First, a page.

In the spring of 2000, Yale University Press, in cooperation with the Smithsonian Institution, will publish the autobiography of the artist, naturalist, and museum proprietor Charles Willson Peale (1741-1827). This work, nearly one thousand manuscript pages long and spanning Peale's life from the 1760s to the 1820s, has been utilized by only a handful of scholars. Its availability will be a significant event for students of American history and literature. Peale's lucid narrative of his life; his discussions about early American art, society, and politics; and his personal involvement in so many of the young republic's cultural and scientific episodes and movements, will make this autobiography required reading for all those interested in American studies, literature, and history.

An obvious comparison will be made between Charles Willson Peale's and Benjamin Franklin's autobiographies. The men were nearly contemporary. Franklin, thirty-five years older, had known Peale's father. On that tenuous connection, Charles Willson Peale took what for that period was considered the bold step of introducing himself to Franklin while the two were in London in the late 1760s. In the 1780s, when Peale had established himself as a portrait painter in Philadelphia, he served with Franklin in the American Philosophical Society. Peale's autobiography by no means approaches the complexity, in both fabrication and motivation, of Benjamin Franklin's Autobiography; it is, however, far richer in the detail and narrative of life in the early republic. Franklin's character was so much more complicated--not to say sly and evasive--than Peale's that their respective autobiographies are almost polar opposites in terms of style, organization, and intent. But in writing his text Peale was not above making events serve his purposes. Peale's intentions for his autobiography always wavered between a commitment to faithful narrative and his desire to construct his legacy; his desire to instruct and provide "rational amusement," and his intention to keep family conflicts out of his "history." It is significant that, besides referring to his text as a history, he also called it a novel, which in the eighteenth century was defined as being shorter than a romance but closer to real life. He also used the term, biography (and wrote in the third person as if he were objectifying another subject) and never used the term autobiography itself. Although coined by 1797, autobiography was not in accepted or wide usage until the second half of the nineteenth century. The title on his first page is ""The Life of Charles Willson Peale," but we have called it his autobiography for convenience and because that is what it is; indeed, as the author of one of the first American autobiographies, Peale might have been influential in creating the genre if his work had been published in the early nineteenth century.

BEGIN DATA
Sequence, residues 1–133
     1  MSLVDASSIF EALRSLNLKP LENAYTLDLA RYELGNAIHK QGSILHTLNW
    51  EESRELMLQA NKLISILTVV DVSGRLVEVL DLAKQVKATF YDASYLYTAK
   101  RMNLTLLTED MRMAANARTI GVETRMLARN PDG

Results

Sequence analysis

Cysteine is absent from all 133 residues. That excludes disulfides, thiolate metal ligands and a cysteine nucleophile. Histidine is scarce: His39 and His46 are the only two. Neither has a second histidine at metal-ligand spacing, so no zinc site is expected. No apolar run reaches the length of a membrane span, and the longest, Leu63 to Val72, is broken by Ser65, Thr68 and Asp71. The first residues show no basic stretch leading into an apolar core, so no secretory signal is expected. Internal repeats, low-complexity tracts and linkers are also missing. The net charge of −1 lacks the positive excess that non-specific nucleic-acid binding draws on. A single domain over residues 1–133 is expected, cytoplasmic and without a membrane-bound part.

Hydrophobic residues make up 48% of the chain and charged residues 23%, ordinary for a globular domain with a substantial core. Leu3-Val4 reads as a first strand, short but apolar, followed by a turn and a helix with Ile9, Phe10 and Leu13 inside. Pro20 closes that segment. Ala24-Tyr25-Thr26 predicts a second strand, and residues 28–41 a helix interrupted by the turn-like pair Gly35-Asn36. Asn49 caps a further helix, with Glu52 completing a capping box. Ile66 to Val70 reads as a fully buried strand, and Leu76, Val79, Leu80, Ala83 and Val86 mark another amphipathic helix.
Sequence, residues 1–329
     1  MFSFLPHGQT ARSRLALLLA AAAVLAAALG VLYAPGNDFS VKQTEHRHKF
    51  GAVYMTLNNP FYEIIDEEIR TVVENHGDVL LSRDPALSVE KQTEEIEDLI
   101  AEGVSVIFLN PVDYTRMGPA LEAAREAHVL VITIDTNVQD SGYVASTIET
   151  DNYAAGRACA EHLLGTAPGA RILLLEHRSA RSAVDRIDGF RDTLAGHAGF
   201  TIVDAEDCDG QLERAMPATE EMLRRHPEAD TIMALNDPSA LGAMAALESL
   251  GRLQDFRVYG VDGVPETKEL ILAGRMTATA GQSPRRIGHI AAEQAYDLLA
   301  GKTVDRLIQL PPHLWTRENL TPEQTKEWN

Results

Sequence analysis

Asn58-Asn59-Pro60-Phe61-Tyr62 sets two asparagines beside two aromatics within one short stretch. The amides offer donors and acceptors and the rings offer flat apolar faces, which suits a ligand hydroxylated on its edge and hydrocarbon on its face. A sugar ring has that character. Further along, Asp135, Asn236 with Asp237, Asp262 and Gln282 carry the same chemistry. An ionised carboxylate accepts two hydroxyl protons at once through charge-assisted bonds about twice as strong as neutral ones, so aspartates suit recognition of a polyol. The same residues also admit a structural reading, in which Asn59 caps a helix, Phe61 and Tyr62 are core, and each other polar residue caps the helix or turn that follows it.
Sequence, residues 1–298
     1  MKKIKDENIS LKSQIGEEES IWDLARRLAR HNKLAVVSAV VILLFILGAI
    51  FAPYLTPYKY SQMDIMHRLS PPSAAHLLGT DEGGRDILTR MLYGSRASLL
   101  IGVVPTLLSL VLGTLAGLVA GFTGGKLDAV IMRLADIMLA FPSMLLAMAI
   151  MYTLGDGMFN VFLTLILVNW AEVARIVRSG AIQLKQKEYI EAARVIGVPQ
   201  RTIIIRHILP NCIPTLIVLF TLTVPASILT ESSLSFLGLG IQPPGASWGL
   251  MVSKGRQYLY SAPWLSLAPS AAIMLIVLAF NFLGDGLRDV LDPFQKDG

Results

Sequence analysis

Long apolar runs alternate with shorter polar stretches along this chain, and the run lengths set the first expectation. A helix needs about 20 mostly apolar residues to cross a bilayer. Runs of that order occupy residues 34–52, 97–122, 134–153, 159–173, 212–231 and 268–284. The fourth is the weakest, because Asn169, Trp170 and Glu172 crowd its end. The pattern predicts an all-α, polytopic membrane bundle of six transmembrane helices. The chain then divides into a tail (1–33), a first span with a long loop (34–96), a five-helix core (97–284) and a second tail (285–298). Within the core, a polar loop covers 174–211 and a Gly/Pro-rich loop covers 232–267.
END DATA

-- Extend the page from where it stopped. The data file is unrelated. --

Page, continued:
Peale debated publishing his manuscript throughout his writing of it. He clearly envisioned a wider audience than family and selected friends. But he was frustrated by compositional and organizational problems. Large portions of the autobiography duplicate his journals, and he also simply inserted primary documents without any attempt at editing or integration into his new text. Although he admitted that his technical skills as a writer were probably too limited for him to publish the manuscript, he maintained that "my facts might in the hands of a good penman" be made interesting enough to tap the burgeoning market for novels. It should be noted, however, that Peale gave himself only about six months to actually write a work of 992 manuscript pages. He ended it in April 1826, becoming preoccupied with other activities. He died abruptly in early 1827 before he could rewrite, hire a ghostwriter, or consider publication. Flaws and all, however, Peale's autobiography remains the product of one man: a tribute to an energetic, productive, and significant life. That Peale did not produce a highly stylized self-portrait like Franklin's Autobiography should not obscure Peale's achievement in creating a full and informative account of his life and times. Hector St. John Crèvecoeur's great question, ""What then is the American, this new man?" will never be answered, but in approaching an answer Charles Willson Peale's Autobiography is an essential text on the making of Americans.


Historical Editing and the Peale Family Papers




Above left: The Peale Family (detail)/ Charles Willson Peale/ Oil on canvas, c.1770-1773/ Image courtesy New-York Historical Society, NYC

Above: Charles Willson Peale/ Self-portrait/ Oil on canvas, c. 1791/ National Portrait Gallery, Smithsonian Institution







 
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